Just above the valley floor, the Golden Mile is better protected from severe frost. In fact, knowing that a single degree Celsius can make a huge difference to wine quality, vineyards use wind machines to blow away cold air.
“We’re left with amazing soil composition around different creeks,” says Whittall, who gives us a 101 class in how local geology can affect grapes and the wines they produce. Whittall has worked in most aspects of the wine industry, from crushing grapes under foot (“the Stairmaster from hell!”) to the VQA (Vintners Quality Alliance), the regulatory body guaranteeing quality and authenticity of origins for Canadian wines.
We try Hester’s Reserve Merlot, Late Harvest Pinot Blanc (similar to an ice wine, but not) and my favourite, The Judge – a hugely fruity red that smells of pepper and caramel, and makes me want to order a steak immediately.
Next-door to Hester Creek at Gehringer Brothers, Bob Park gives us several of the vineyard’s 22 wines to taste and a pocket history of the region. “Walter and Gordon Gehringer bought the property in 1981 when there were only four estate wineries in B.C.,” says Park. “They were taking a bit of a gamble. Back then, the few wineries were protected from foreign competition and made cheap wine for local markets.
“NAFTA [the North American Free Trade Agreement signed in 1991] changed that. Knowing they couldn’t compete with California wine producers, the government paid B.C. wine producers to rip up their inferior hybrid vines and replace them with premium European grapes and promote a shift to higher value wines.”
Today there are more than 200 wineries in B.C. and 60 varieties. “Last summer, wine was the number one best seller, according to the Liquor Distribution Board,” points out Park. “It used to trail behind beer and spirits.”
I thank Park for the history lesson and buy a bottle of Gehringer’s Auxerrois. We’re back on the bikes and waving at passing motorists who look bewildered at how easily we speed along the Okanagan Highway. Just down the highway at Inniskillin, Audrey Silbernagel leads us directly to the main event – Inniskillin’s Tempranillo Icewine. The sweetness seems to last forever and at under 10 percent alcohol, I’m not about to leave anything at the bottom of the glass. It might be the most beautiful thing I’ve ever tasted. On impulse, I tell Silbernagel I’d like a bottle and hesitate only for a moment when I discover it’s a $100. (My budget blown, I passed on the $35 Riedel icewine glass.)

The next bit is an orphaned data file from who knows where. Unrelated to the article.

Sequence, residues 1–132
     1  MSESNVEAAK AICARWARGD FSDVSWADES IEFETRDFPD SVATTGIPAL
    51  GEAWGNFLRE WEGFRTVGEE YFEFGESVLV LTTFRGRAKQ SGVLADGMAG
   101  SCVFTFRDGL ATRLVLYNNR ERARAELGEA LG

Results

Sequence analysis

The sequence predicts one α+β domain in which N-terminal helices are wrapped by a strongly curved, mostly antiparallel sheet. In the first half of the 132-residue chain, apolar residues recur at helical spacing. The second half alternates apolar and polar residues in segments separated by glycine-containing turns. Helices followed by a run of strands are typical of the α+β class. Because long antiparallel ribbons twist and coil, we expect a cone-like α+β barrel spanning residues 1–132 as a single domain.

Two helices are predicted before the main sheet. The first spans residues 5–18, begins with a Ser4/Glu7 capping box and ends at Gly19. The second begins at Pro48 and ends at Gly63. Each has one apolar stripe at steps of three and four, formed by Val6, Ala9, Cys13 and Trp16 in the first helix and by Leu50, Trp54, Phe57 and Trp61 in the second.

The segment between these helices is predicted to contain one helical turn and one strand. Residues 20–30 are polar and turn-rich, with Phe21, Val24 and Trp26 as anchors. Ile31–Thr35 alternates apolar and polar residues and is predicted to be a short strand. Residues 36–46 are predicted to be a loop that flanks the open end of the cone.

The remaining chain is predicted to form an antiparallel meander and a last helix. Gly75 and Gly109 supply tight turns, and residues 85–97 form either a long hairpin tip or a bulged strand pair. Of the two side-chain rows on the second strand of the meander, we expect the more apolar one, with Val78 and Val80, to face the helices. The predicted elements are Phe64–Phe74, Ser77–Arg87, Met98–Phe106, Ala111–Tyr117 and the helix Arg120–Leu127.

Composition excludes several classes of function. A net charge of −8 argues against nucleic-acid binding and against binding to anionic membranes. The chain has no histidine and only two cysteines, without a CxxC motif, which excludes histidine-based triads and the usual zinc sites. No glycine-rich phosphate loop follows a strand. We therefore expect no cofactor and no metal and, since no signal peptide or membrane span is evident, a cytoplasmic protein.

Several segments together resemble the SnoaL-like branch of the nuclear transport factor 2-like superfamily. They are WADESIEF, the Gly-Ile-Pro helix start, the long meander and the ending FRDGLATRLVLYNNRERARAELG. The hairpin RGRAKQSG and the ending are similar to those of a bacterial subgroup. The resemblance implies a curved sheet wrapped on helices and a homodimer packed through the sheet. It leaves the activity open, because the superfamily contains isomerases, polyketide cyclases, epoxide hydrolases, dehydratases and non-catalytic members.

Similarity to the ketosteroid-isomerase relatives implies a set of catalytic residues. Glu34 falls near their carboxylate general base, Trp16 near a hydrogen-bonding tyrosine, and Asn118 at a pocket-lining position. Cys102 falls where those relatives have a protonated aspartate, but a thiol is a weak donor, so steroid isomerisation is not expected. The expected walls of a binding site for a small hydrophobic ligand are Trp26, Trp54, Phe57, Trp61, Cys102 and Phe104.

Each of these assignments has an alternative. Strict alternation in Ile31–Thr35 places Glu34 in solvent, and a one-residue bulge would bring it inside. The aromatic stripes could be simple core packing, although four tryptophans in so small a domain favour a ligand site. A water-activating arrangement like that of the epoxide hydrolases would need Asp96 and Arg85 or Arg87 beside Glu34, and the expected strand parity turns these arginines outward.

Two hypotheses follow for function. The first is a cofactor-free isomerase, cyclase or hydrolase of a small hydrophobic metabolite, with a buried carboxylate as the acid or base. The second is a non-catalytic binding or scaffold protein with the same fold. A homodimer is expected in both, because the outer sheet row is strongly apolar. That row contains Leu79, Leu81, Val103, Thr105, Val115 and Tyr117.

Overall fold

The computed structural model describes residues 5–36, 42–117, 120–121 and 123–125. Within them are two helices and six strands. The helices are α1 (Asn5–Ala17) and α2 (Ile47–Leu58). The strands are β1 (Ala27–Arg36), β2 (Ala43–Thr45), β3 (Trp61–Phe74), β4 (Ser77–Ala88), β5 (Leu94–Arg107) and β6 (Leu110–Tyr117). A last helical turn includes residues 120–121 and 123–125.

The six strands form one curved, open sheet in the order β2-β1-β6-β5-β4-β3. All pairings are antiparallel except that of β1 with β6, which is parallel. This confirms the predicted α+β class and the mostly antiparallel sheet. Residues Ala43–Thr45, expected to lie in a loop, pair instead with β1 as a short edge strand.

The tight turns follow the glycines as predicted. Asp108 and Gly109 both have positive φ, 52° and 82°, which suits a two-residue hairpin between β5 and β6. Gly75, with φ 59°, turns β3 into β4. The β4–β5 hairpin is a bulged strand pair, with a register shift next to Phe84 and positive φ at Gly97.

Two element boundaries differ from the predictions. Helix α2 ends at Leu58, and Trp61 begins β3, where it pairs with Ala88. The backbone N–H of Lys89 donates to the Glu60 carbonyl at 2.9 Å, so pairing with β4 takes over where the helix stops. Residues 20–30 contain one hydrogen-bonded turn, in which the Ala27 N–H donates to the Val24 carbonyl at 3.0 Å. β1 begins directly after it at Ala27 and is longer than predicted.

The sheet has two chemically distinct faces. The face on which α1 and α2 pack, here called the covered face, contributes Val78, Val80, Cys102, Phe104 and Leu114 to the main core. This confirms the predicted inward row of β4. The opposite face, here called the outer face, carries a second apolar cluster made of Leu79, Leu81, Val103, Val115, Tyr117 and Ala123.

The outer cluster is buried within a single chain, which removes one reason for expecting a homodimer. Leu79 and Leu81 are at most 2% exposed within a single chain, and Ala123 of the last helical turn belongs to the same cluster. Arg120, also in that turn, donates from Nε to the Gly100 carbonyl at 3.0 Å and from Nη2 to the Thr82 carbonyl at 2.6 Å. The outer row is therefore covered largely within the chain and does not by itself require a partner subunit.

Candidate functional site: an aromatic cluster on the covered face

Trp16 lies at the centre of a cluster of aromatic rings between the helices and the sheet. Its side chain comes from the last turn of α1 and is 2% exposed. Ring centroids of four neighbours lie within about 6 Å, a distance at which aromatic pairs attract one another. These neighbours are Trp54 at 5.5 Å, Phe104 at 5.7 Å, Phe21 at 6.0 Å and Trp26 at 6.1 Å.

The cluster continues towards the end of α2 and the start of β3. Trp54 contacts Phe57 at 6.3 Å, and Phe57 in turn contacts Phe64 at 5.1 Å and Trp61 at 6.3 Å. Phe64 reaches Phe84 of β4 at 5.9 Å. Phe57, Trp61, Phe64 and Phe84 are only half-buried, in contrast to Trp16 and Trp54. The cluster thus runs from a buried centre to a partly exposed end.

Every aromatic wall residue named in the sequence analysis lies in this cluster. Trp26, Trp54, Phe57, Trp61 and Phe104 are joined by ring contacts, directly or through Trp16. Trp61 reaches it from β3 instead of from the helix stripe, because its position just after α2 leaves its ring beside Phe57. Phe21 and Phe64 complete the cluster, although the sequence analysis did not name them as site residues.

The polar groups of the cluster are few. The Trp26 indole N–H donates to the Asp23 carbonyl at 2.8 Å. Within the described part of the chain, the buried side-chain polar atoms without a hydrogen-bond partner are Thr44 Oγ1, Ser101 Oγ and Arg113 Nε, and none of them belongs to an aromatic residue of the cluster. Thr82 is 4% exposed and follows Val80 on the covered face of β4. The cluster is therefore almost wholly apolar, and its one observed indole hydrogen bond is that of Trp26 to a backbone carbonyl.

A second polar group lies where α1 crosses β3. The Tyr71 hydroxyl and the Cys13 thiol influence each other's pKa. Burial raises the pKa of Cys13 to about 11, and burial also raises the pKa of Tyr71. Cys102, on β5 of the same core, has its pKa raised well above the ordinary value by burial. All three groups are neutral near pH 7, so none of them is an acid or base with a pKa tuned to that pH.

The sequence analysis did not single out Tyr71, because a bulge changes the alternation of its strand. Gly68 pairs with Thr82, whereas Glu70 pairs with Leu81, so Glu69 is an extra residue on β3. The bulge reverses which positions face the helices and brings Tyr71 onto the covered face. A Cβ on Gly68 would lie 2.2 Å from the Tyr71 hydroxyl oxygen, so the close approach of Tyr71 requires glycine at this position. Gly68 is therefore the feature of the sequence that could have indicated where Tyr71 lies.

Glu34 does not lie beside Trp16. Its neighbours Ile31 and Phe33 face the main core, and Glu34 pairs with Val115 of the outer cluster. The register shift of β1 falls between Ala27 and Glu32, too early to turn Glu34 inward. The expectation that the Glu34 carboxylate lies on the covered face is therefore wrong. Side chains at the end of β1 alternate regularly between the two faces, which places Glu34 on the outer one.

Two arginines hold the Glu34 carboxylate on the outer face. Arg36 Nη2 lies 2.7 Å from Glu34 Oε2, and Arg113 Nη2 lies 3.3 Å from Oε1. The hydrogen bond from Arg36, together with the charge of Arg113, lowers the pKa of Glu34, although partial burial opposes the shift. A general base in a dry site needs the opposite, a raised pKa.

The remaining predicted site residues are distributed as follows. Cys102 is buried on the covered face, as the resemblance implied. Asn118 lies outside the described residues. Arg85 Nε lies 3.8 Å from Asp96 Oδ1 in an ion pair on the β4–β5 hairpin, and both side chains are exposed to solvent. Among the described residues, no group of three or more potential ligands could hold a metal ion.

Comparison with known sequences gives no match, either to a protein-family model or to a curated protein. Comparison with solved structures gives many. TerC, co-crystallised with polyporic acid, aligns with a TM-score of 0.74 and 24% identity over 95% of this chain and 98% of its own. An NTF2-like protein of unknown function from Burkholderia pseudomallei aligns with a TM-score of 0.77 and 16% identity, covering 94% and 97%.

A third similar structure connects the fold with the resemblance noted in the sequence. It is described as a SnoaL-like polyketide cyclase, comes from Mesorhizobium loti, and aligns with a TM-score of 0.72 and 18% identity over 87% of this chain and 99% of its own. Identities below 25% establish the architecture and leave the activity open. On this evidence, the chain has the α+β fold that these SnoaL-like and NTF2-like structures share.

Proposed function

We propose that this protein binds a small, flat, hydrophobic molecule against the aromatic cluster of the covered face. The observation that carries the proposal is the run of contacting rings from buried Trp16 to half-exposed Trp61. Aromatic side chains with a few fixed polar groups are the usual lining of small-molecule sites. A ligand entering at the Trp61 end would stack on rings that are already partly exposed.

Tastes of Mamma Mia Pinot Gris, Sauvignon Blanc, Moscato, Syrah, Quattro and Maximus follow at Cassini Cellars, poured by owner Adrian Cassini himself. “How involved are you in the daily business?” one of our group asks Cassini.
“Today is Sunday and I’m here,” says Cassini with a tired smile. “So are my wife and daughter.” Cassini used to run fitness clubs in Vancouver. “Then I had a mid-life crisis and decided to build a vineyard,” he says.
Someone else obviously putting his heart soul into the business is Bruce Fuller, the larger-than-life owner of Rustico Farm and Cellars. Fuller’s in cowboy gear when he greets us and he stays in cowboy character as he tells jokes almost as quickly as he pours Rustico wines into whiskey tumblers. Fuller’s tribute to the Okanagan’s mining and ranching history is behind names like Bonanza Zinfandel, Mother Lode Merlot and Isabella’s Poke, a Pinot Gris with a saucy story.
We turn off the Okanagan Highway and throttle up to the Black Hills Estate Winery. With its manicured lawns, swimming pool, cabana and sleek tasting room, Black Hills is the antithesis of Rustico. A ‘Wine Evangelist’ already has a table set with numerous glasses ready for tasting. Lunch is served and we taste our way through several vintages, including a Carmenere, unique in that Black Hills is the only winery in Canada producing this varietal on its own. I forget the budget I’d broken three wineries ago and buy a bottle of Black Hills Chardonnay. At Silver Sage Winery, I’m powerless to resist the smooth-talking Elena and buy a bottle of Sage Grand Reserve because Elena says it complements turkey and Thanksgiving is only a week away. (For the record, Elena was right.)
Coasting along Black Sage Road, with seven wineries behind us and pedaling just for show, I truly appreciate what a 48-volt, 10-amp electric engine can do. At $2,400, the Pedego is a sweet ride. Looking back, I’m just relieved I didn’t try and buy the bike as well.
If you go: